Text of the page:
Arriving a year after their chart-topping debut, Steeltown was never likely to be received with quite the same degree of froth and hyperbole as its hit-stuffed predecessor. In truth, however, the second Big Country album remains the finest in the band’s catalogue and a stirring testament to the sublime songwriting talent of Stuart Adamson.
With the exception of The Great Divide, a song with verses that sound like bits of other, better BC songs glued together, this is a wonderfully coherent and emotionally potent collection of windswept anthems. Sharper and narrower in focus than The Crossing and lacking its remorseless romanticism, songs like thunderous singles East Of Eden and Where The Rose Is Sown showcased a newfound grit and soul that Adamson never really surpassed, with only the mesmerising haze of Come Back To Me and the twinkly hearted Girl With Grey Eyes straying from a righteous path of bombastic emoting and towering melodic oomph.
The bright-eyed thump of Tall Ships Go and the rolling grooves of Rain Dance have stood the test of time well, but it’s the closing Just A Shadow that most vigorously proclaims Adamson’s gentle brilliance, with lines like ‘Why are faces filled with anger/that should only shine with youth’ ringing as true today as three decades ago.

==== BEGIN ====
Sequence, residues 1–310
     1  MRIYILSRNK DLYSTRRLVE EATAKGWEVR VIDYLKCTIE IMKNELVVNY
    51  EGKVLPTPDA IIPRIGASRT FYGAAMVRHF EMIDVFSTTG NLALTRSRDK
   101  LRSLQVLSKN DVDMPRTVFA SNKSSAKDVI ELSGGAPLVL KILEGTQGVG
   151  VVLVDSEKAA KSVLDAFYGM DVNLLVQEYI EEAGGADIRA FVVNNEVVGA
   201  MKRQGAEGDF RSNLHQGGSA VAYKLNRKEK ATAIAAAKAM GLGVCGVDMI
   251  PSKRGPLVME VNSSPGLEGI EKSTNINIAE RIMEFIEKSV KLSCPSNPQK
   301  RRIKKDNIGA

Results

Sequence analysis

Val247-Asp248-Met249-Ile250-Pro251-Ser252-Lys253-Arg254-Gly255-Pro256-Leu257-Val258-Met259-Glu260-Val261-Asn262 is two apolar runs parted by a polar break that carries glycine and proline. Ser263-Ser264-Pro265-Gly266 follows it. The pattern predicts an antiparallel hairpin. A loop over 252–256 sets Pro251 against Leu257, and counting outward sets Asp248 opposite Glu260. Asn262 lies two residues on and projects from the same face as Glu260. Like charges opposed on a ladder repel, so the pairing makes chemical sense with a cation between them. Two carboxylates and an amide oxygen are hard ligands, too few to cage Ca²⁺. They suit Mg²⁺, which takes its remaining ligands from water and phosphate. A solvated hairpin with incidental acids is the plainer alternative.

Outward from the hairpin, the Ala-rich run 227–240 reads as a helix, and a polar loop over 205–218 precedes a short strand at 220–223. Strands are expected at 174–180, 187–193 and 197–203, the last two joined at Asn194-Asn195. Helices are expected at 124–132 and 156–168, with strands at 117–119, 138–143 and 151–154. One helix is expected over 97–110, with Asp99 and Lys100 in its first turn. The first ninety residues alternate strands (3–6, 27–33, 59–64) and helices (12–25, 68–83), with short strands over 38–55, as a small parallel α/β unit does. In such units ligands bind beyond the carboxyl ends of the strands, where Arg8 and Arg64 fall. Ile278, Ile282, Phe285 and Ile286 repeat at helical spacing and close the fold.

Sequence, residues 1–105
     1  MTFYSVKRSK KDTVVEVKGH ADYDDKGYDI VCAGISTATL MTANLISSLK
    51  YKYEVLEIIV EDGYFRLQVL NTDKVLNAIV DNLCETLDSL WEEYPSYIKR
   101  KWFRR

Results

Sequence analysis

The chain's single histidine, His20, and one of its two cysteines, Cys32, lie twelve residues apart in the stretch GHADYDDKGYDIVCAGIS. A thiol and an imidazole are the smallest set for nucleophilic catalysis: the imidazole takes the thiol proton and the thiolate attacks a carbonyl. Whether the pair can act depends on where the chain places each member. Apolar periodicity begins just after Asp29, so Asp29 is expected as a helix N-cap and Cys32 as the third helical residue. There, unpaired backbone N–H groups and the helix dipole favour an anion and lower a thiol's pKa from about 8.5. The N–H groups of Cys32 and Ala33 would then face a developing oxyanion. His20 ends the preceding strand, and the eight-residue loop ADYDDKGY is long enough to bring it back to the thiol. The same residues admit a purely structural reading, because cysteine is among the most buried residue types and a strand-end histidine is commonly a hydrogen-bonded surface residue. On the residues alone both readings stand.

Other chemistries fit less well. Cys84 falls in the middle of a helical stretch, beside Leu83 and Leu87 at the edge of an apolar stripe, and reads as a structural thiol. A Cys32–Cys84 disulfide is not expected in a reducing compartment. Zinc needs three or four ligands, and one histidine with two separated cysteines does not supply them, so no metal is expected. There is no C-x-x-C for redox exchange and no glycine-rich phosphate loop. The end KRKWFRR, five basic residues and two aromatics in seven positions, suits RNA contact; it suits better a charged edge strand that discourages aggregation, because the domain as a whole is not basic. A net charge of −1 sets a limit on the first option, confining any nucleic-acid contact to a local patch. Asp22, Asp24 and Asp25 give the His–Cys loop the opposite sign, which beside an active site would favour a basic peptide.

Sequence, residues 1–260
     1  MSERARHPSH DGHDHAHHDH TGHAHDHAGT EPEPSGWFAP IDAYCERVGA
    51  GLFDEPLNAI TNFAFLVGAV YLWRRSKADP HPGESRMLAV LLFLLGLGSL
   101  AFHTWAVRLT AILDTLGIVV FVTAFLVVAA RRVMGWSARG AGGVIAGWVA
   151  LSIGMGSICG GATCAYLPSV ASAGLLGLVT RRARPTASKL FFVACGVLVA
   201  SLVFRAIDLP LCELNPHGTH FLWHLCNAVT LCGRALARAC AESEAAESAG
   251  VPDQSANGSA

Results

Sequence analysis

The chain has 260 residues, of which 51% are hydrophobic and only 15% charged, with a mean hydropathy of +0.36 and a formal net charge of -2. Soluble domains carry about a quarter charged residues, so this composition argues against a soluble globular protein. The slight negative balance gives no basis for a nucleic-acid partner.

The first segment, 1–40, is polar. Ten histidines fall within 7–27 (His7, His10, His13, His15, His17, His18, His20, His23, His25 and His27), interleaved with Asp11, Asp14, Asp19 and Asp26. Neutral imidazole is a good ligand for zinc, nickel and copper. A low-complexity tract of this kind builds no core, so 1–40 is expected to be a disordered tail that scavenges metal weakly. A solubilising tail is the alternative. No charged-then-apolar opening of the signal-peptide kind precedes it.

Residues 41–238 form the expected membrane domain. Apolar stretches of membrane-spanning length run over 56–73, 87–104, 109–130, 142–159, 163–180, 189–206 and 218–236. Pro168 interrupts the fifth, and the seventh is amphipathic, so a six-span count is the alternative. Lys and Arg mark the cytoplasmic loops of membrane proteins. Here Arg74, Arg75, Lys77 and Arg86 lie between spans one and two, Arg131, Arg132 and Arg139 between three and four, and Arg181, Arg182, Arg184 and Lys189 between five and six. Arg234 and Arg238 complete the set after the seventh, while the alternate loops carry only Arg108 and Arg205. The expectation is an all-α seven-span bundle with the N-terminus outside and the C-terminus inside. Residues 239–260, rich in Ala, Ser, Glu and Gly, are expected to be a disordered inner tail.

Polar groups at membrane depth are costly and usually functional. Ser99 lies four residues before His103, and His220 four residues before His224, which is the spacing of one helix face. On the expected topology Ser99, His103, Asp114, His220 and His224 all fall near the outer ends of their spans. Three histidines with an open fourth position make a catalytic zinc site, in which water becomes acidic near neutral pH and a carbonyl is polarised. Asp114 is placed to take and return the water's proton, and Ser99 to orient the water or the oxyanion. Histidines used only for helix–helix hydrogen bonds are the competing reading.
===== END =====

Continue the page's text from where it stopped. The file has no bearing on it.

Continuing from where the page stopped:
As an extra incentive, this deluxe edition contains a bonus disc brimming with rarities and non-album fare. Devoted fans will be more than familiar with exquisite stand-alone single Wonderland, of course, and radio edits of Steeltown’s singles are only of value if you absolutely have to hear what they sounded like after some judicious but arbitrary pruning, but the remaining lost gems are well worth a listen, not least a respectful but shrewdly countrified version of Roxy Music’s Prairie Rose and the starry-eyed Springsteen shuffle of Winter Sky.
Similarly, two early versions of Wonderland is over-egging the pudding somewhat and it’s hard to imagine anyone being overly thrilled by “rough mix” takes on Tall Ships Go and East Of Eden when the final versions were so strong, but these expanded releases are always aimed squarely at the diehards and, if nothing else, the soulful bluster of instrumental curio Bass Concerto provides a pleasing reminder that Big Country were deliriously skilled ensemble players.
Steeltown may have precipitated a very gradual but unmistakable decline in commercial fortunes for its creators, but when it comes to uplifting and honest music, 80s rock produced very few albums that come even remotely close to this.